Only Audit the Military Has Passed in 20 Years Was Exposed As Fraudulent

Carey Wedler | ANTIMEDIA

Yet another example of government shirking responsibility by relying on questionable conflicts of interest and deception.

Washington, D.C. — In 2013, the Marine Corps celebrated the first time that any sector of the military had passed a legally mandated financial audit. The audits have been required by law for twenty years. Reuters revealed this week, however, that the lone success — declared in February of 2014 — was a fraud perpetrated by the Department of Defense Inspector General’s office, a private contractor, and the Marine Corps.

According to Reuters, the military has never passed an audit due to a toxic mix of outdated accounting methods, bureaucracy, and excessive waste. Perhaps that is why the company hired the auditing firm, Grant Thornton, to investigate their finances: the partner overseeing the Marine Corps audit, Tracey Greene, had worked with Daniel Blair—the DoD’s Deputy Inspector General—at the Government Accountability Office throughout the 1990s (Grant Thornton had already been suspected of sub-par quality audits with the Navy before receiving the Marine Corps commission).

According to a DoD Inspector General spokeswoman, the Inspector General’s Office of Professional Responsibility looked into this possible conflict of interest in 2013. It found there was none and the contract between the DoD, and Grant Thornton was actually extended. The audit was declared clean, only to be retracted in March of this year.

The degree of negligence in the 2013 audit was so severe that Grant Thornton cleared expenses and transactions without so much as requesting the pertinent receipts or documentation. When Cecilia Ball, who worked at the Inspector General’s office, was hired to review Grant Thornton’s work, she raised concerns about the integrity of the audit. At the end of December 2013, she presented her skepticism of the report to her superior, Edward Blair (no relation to Daniel Blair). Nevertheless, Daniel Blair urged acceptance of the Grant Thornton audit, claiming:

“The level of documentation in GT’s work papers could be better. Some may even interpret this as a violation of audit standards.”

In spite of this admission, he argued that the amount of documentation needed was not fixed but rather, “a matter of professional judgment.”

Edward Blair pushed back, arguing that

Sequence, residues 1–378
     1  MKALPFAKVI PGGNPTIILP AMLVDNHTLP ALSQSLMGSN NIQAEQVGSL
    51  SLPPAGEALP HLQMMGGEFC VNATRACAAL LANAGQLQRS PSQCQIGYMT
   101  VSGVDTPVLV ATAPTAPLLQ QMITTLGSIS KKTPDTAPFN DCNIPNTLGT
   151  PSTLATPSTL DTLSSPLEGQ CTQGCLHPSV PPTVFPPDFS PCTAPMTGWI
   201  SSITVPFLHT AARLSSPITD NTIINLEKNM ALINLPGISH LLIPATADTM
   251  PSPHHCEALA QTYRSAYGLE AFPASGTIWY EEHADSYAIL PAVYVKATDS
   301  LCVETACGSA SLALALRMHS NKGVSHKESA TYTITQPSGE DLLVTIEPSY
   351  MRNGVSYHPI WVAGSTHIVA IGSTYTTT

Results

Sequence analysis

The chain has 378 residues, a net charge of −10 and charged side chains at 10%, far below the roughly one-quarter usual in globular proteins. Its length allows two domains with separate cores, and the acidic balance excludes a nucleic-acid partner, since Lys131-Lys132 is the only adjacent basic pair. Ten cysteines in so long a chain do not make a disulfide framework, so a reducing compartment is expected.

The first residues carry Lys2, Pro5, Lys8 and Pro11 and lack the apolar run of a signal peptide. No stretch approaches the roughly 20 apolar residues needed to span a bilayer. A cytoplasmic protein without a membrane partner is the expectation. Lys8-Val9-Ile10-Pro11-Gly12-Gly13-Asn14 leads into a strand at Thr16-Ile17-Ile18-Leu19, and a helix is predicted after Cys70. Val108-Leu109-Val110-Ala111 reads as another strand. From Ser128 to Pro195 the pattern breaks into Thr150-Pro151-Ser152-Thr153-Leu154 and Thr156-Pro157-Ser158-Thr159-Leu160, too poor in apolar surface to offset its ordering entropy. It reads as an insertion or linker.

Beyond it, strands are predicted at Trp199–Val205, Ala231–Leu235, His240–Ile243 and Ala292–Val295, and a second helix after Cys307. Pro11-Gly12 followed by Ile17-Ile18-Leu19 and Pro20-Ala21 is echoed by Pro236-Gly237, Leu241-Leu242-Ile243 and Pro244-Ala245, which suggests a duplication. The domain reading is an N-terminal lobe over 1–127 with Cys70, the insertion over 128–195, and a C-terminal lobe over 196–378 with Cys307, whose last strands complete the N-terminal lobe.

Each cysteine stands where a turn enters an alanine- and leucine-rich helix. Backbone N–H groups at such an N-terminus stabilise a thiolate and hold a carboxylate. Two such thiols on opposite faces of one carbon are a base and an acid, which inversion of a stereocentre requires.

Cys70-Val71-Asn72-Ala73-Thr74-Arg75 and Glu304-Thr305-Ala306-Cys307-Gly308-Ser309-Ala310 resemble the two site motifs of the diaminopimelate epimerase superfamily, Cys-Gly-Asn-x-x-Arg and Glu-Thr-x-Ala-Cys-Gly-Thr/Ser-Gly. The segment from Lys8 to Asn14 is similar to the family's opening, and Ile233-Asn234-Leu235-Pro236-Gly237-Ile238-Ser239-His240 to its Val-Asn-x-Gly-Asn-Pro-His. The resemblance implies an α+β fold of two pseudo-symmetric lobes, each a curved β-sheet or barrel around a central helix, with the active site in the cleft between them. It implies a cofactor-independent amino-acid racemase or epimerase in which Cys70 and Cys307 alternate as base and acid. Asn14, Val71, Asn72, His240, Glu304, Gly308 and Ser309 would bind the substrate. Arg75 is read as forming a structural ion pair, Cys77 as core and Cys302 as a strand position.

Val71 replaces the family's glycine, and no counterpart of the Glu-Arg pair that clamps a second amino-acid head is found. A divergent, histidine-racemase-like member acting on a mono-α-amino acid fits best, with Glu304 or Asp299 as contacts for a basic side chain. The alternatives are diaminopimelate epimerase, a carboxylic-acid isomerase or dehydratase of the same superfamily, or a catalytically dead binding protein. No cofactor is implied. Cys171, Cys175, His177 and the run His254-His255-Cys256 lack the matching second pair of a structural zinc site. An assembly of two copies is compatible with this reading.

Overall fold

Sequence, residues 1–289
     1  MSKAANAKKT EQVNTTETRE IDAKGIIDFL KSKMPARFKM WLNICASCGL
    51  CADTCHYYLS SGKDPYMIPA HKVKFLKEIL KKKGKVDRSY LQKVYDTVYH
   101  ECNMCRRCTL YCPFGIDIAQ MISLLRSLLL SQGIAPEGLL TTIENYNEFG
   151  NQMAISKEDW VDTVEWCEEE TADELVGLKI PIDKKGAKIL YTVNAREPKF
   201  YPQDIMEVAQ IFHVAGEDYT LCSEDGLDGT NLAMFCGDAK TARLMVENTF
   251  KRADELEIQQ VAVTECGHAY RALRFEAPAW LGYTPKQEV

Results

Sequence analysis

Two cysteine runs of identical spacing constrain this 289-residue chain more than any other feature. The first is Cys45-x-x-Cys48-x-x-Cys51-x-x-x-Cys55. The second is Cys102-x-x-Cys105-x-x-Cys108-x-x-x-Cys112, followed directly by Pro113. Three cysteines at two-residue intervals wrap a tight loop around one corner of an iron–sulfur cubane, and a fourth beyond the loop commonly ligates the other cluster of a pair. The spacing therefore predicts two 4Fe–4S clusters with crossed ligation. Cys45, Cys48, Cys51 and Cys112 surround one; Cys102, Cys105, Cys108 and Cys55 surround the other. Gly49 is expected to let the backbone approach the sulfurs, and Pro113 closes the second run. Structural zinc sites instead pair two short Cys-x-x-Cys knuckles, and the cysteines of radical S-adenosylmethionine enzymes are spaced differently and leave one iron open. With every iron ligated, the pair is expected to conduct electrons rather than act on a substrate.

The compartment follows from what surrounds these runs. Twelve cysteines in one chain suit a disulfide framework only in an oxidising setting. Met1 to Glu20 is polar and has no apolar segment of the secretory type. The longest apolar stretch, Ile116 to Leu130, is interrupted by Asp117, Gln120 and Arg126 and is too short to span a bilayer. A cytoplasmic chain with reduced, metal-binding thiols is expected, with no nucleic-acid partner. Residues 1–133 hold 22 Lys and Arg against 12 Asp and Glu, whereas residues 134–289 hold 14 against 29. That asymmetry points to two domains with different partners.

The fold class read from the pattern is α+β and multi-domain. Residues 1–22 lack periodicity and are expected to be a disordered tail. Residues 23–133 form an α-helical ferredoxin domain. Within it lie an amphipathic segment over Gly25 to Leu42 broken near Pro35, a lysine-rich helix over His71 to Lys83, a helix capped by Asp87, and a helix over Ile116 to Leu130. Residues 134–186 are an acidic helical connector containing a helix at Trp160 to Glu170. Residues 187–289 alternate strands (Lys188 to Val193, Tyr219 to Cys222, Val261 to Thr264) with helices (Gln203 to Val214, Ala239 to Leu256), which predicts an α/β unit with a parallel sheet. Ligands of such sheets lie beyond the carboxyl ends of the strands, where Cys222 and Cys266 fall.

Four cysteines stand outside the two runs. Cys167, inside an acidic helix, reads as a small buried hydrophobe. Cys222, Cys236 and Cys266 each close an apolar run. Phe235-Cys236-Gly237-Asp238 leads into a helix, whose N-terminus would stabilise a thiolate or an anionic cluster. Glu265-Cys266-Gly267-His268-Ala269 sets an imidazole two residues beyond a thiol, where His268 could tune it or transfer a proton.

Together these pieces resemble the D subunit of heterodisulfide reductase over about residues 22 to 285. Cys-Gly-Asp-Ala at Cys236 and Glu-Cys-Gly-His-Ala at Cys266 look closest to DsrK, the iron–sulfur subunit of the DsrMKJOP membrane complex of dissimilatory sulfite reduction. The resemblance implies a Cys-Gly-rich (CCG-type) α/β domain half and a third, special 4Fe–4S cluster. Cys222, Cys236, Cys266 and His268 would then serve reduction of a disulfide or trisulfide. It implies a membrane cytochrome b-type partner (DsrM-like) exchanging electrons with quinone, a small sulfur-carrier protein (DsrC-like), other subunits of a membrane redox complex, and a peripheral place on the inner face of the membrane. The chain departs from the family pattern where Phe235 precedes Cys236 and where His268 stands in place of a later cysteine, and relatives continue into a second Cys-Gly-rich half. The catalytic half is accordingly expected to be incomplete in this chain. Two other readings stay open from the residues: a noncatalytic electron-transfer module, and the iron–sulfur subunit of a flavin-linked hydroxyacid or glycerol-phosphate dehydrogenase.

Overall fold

“The bottom line is GT did not adequately document or support their conclusion” about the Marine Corps.

Ball pushed Daniel Blair’s office for more evidence to support Grant Thornton’s conclusion. She never received it, so when she heard that the audit was officially cleared in December of 2013, she asked to be reassigned. By October of 2014, the Inspector General’s quality control chief, Ashton Coleman Jr., raised doubts about the accuracy of the report in an analysis commissioned by Jon Rymer, the DoD’s chief inspector general. As Reuters summarized,

“Without naming names, Coleman  found that ‘senior management” at the inspector general’s office had improperly shared confidential audit-related documents with Grant Thornton.”

Reuters further detailed that

“The Coleman report said Grant Thornton used the work papers to improperly pressure the inspector general’s team to alter the audit documents to reflect the firm’s conclusions. Coleman said in the report that this could ‘be perceived as exerting undue influence on the audit team,’ which ‘could lead a third party to conclude that there is an impairment of independence.’”

Though Rymer declined to be interviewed for the article, he said in an email statement that

“With nearly 100 auditors from the OIG and Grant Thornton participating, it is not surprising there were disagreements.”

He said he saw nothing that “convinced [him] that there was an improper or inappropriate impairment of independence by those involved.” The statement came in spite of the fact that the Inspector General’s office declared in March that it retracted its seal of approval on the Grant Thornton report— “because of new information that cast doubt on the reliability of the audit.”

In spite of state claims that no misconduct occurred in the audit, past behavior of the military shows there is a strong tendency of the government to waste and misallocate resources. It has lost hundreds of millions of dollars worth of equipment, had it destroyed, used astronomical sums of money on Viagra, spent taxpayer dollars on gambling and escorts, and just this month went $370 million over budget for a single aircraft carrier.

It is no surprise that the military is unable to prove its accountability to taxpayers. Unfortunately, the revelations about Grant Thornton and the Marine Corps are yet another example of government shirking responsibility by relying on questionable conflicts of interest and deception.

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